Ever since I learned of the Mehrabian myth (saying that communication is 55% body language, 38% tonal, and 7% words), I have looked for and evaluated the source of each piece of information generally accepted as true about how people communicate. In my searching, I sought credible underpinnings to what is being taught as preferred representational systems: visual, auditory, or kinesthetic. I was not able to find that credibility.
I would not be as cynical as Roy H. Williams was in the quote below taken from his Magical Worlds of the Wizard of Ads: Tools and Techniques for Profitable Persuasion. I will say that I no longer include VAK in any training or presentation I give. (Some of the research done on the validity and reliability of VAK is cited at this linked-to Wikipedia entry.)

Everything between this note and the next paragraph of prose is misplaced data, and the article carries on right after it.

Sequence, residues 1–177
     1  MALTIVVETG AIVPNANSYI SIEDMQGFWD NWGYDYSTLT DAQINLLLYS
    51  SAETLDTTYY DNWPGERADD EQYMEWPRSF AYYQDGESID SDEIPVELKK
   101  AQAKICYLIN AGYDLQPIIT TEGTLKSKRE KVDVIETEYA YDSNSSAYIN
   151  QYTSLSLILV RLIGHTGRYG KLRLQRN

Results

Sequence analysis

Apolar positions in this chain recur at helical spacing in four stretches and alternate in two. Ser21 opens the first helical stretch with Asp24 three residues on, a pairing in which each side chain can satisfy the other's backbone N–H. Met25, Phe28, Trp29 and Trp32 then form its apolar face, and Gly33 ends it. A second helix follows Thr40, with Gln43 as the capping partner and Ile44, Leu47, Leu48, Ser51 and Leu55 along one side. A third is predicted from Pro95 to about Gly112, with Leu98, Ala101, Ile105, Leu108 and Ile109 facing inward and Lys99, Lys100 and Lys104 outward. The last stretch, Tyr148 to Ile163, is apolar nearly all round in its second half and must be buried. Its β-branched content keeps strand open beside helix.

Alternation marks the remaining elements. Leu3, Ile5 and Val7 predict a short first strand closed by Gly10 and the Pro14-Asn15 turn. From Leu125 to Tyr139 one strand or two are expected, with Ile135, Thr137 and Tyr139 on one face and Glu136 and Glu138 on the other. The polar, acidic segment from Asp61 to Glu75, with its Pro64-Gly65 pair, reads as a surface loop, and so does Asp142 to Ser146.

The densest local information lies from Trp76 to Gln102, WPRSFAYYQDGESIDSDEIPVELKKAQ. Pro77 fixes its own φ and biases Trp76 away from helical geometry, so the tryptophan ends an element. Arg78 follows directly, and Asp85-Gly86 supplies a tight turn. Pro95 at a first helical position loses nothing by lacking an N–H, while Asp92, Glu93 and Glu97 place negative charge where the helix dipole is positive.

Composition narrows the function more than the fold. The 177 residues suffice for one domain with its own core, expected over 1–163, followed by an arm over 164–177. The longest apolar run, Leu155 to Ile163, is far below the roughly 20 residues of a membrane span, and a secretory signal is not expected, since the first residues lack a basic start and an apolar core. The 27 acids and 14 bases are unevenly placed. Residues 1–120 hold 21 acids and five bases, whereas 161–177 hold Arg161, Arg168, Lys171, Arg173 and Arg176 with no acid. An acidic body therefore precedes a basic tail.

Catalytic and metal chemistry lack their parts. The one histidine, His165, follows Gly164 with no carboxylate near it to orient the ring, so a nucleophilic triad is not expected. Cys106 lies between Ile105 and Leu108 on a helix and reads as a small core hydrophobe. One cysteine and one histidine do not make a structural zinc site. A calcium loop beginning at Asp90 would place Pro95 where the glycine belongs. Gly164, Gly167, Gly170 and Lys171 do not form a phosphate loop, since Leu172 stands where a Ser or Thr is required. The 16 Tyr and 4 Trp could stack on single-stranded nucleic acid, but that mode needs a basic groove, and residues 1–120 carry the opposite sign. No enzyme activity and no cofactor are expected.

Williams says . . .
Sooner or later, a person standing at a whiteboard is going to tell you there are three kinds of people" "visual, auditory, and kinesthetic."
. . .
Although this tidy little theory is taught from coast to coast, you will not find a molecule of scientific evidence to support it. In fact, the whole concept is utterly incongruent with all that is currrently known about the architecture and functions of the human brain.